• The problem is its a game of musical chairs. Those sat on the planes and slots now are vulnerable as they have fixed costs they cannot avoid.

      Those who would take over those planes and slots after administration don’t have those same burdens now so it’s not really fair competition that they get to wait in the wings and pick up the pieces once the risk has gone.

      What you need here is some restructuring of the fixed costs somehow to take them away for now and bring them back in the future. I’m not saying pump money in directly but somehow you need to put these companies on hold for the future. Let the poor ones go bankrupt when business returns and the good ones flourish.

      Let’s say you get a foreign government step in to help their airlines and they end up taking the slots at LHR and buying easyjet and running for a profit for the next 20 years, is that really a good outcome? Better still Air China buys it up. (and yes I know IAG is spanish and that its owned by all sorts of people)

    • KLM/AF pulled out of their purchase, so it remains 51% VG and 49% Delta. Delta cannot invest more because it is a non-EU airline.

  3. Dominic says:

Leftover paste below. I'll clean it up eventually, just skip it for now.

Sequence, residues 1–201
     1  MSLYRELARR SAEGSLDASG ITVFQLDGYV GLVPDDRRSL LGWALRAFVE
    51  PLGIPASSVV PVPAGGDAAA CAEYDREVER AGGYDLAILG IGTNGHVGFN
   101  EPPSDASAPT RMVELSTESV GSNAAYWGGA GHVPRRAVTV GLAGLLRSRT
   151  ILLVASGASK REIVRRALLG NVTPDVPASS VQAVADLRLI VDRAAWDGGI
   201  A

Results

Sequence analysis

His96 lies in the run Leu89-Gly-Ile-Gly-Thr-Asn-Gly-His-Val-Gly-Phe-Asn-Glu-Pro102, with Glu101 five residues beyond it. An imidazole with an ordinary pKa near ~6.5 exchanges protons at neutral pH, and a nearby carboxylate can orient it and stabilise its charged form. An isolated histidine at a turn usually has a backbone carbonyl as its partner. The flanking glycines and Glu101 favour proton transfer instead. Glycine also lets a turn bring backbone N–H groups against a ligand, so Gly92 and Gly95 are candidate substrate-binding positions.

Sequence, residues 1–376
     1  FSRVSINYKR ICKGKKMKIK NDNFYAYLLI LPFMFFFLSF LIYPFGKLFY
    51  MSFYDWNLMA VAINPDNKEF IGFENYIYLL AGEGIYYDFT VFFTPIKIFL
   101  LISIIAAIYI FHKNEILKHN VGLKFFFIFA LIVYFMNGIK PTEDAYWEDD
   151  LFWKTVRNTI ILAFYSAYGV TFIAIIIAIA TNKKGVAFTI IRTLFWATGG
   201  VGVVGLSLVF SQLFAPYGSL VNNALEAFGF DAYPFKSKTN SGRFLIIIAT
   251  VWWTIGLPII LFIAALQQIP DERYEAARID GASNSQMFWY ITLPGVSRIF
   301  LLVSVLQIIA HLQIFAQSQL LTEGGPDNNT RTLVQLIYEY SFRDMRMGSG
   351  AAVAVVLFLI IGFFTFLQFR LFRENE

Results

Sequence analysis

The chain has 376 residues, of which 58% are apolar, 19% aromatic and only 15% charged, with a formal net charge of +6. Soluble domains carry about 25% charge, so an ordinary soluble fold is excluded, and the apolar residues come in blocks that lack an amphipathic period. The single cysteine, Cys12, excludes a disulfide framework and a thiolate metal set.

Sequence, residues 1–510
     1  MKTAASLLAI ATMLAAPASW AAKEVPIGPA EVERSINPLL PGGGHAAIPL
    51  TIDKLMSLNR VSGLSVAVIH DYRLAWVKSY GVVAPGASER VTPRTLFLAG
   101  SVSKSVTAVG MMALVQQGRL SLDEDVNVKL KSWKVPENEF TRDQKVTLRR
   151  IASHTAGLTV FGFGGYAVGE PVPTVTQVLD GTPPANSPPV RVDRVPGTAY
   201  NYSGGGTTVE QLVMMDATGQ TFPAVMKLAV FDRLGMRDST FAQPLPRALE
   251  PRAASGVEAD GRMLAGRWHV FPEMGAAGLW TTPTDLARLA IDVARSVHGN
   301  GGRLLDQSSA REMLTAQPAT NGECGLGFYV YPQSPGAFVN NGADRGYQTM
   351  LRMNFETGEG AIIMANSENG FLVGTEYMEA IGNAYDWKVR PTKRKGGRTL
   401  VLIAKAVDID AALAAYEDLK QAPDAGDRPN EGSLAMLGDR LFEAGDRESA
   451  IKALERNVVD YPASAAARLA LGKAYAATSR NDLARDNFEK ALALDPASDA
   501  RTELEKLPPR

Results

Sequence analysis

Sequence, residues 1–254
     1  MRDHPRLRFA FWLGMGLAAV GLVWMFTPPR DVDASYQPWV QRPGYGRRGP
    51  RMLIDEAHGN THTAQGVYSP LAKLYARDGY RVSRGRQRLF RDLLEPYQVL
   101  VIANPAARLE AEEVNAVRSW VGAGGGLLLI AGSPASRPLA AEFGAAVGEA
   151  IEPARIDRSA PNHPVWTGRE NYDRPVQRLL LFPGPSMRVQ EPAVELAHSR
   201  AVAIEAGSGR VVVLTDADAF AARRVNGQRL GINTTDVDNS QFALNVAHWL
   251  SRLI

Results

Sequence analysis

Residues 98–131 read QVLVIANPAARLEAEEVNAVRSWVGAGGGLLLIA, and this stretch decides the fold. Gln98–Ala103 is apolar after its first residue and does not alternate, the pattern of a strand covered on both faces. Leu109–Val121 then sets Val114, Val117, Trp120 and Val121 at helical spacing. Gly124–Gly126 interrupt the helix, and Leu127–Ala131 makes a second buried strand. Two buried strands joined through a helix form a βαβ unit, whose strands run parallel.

Government won’t let any of these airlines collapse, but makes sense to force them to do everything they can (using theirs and owner reserves) before the Government supports them.

    • W6 traveller says:

      Totally agree. They will use any govt. grants to buy back shares before they ‘save their employees’. Done it before, will do it again. Let the owners take the hit before we pay to keep their Lamborghini’s polished…

  4. Re: Rob’s advice not to accept a Credit note- is this feasible? I thought the article yesterday suggested that EU rules were changing on Flight cancellations such that airlines could offer a credit note rather than cash?
    Not world-ending, but I might have considered taking EasyJet up on a reschedule of my 2020 Easter flights for Feb half term next year had they not set the rules so that I get no reimbursement for the ~£500 fare reduction vs. the flights I have booked! As such, they’ve made me determined to get my cash back if I can…

    • That is for package holidays (or flight+hotel or flight+car bookings). Nothing changes for flight only bookings.

      • That’s great- thanks Rob. Love collecting points, and travel- but not a travel pro like most on here!

  5. Have seen various things about how to force refund with BA here, but is there any advice for how to claw back money paid to Easyjet? All I’ve heard from them via email is an offer to rebook up to Feb 2021 without a change fee.